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Posts Tagged ‘The Final Season’

“Just because you’ve made a movie doesn’t mean anyone’s going to see it.”
Kent Stock

It’s hard to believe that last night ended the final season of the San Francisco Giants’ 52 year drought without winning a World Series. They’ve had some great players over the years. Looking back it’s hard to believe that MLB Hall of Fame greats Willie Mays,Willie McCovey and Juan Marichal played on the same team but somehow never won a World Series.  Congrats San Francisco, home of the 2010 World Series champions.

But for the next few days I want to talk about the baseball movie The Final Season. Even if you’re not a baseball fan, I think you’ll find the story of its sixteen year journey to get made an interesting one. Though it’s taken me a few years, the timing just seems to be fitting to write about this 2007 independent film that was set and filmed in Iowa.

Yesterday I went to hear Kent Stock speak about how his simple failed journey to become a professional baseball player ended up being the central character in a movie where actor Sean Astin (The Goonies, Lord of the Rings) played him.  After modest success as a high school player he received only one scholarship to play baseball in college, but that was enough to kept his long time dream of playing professional ball alive—at least for two more years.

After his sophomore season it became apparent that he not only didn’t have what it took to play pro baseball, but that it would be better for him to focus on his education and his ball playing days were over. His new dream was to become a teacher and coach high school baseball. After graduating from college he got one job offer to coach, but it was girls JV volleyball. He took the job and made the most of it and got promoted to the variety girls volleyball coach. He made the most of that as well.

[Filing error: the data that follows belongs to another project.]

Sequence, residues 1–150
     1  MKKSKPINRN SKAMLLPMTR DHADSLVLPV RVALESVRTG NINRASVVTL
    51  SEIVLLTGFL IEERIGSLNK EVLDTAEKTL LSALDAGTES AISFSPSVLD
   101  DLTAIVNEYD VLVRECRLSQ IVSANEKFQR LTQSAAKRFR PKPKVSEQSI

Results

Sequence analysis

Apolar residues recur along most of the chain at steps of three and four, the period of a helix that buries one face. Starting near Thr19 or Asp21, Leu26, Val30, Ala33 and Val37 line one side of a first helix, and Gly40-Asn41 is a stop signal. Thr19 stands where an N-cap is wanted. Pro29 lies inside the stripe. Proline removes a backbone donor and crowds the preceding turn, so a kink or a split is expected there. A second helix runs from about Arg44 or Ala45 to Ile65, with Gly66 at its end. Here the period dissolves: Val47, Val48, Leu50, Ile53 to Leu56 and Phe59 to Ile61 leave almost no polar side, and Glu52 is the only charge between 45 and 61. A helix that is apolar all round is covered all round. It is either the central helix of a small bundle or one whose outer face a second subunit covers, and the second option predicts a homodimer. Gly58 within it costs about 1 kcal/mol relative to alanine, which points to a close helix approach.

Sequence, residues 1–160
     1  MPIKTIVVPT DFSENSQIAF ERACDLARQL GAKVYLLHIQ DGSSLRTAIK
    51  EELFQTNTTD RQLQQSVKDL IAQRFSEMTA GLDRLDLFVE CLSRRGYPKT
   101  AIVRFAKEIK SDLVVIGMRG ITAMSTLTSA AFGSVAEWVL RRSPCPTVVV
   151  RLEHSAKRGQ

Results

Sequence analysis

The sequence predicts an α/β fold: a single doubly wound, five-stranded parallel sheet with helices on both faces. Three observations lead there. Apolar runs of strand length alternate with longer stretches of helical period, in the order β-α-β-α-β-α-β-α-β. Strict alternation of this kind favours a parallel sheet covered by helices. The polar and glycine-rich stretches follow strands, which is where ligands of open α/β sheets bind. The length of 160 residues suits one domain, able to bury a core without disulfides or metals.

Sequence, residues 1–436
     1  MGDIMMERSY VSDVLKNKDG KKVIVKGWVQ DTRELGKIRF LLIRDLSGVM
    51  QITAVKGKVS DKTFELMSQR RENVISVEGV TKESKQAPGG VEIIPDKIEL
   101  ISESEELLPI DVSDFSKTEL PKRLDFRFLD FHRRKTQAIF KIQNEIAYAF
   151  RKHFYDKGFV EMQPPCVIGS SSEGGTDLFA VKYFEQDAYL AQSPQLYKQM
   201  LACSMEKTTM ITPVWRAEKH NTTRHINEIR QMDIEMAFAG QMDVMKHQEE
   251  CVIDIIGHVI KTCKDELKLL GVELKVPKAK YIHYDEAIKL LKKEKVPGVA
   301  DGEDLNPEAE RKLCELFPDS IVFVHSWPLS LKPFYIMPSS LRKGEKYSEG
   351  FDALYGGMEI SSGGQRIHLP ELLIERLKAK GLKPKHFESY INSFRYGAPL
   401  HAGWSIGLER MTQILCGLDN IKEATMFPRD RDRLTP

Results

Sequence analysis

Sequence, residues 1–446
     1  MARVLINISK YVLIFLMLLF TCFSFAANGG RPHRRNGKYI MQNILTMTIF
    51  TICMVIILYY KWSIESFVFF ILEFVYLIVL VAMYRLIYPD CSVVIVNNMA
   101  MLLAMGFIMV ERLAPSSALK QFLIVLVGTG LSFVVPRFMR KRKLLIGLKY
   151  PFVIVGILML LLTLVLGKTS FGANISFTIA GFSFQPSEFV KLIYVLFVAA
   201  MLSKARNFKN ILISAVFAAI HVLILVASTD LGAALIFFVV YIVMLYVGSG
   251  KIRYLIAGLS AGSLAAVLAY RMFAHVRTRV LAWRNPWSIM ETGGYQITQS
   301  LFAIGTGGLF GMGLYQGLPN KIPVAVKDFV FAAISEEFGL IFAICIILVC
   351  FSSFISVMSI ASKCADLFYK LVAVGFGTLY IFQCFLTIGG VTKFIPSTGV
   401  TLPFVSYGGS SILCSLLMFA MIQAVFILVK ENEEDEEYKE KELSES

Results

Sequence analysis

While scouting a team his team would be playing in the playoffs he met an Iowa high school baseball coach legend, Jim Van Scoyoc (played by Powers Boothe in the movie). That providential meeting with Van Scoyoc would lead Stock to his first baseball coaching opportunity that would eventually lead to a feature film based on the team he coached.

Keep in mind that the places I’m talking about are small towns in Iowa that unless you are familiar with the area are unknown to most people; Ankeny, Forest City, Decorah, Belle Plaine and Norway. Not exactly places one would expect would lead to Hollywood.

Kent Stock’s story is one of being faithful in the little things.

It’s also a story of a video producer in Des Moines, Iowa named Tony Wilson who believed enough in Stock’s story and the team he coached to pursue turning it into a movie. It was a journey that would take 16 years to see fully realized, and one that almost cost Wilson his life. I met Wilson a couple years ago at a film festival and for the next few days I will share some insights from him as he recounts his passion for seeing this story be told and the ups and downs it took to bring it to the big screen.

In Stock’s talk yesterday he spoke of his appreciation for Wilson persevering though many hard times  to see The Final Season get produced. Stock spoke about how much he learned about the film business during the making of the film and recounted several lessons learned including, “Hollywood producers have egos bigger than this auditorium,” and “Hollywood is a different monster. I hope my daughter’s never go to Hollywood.”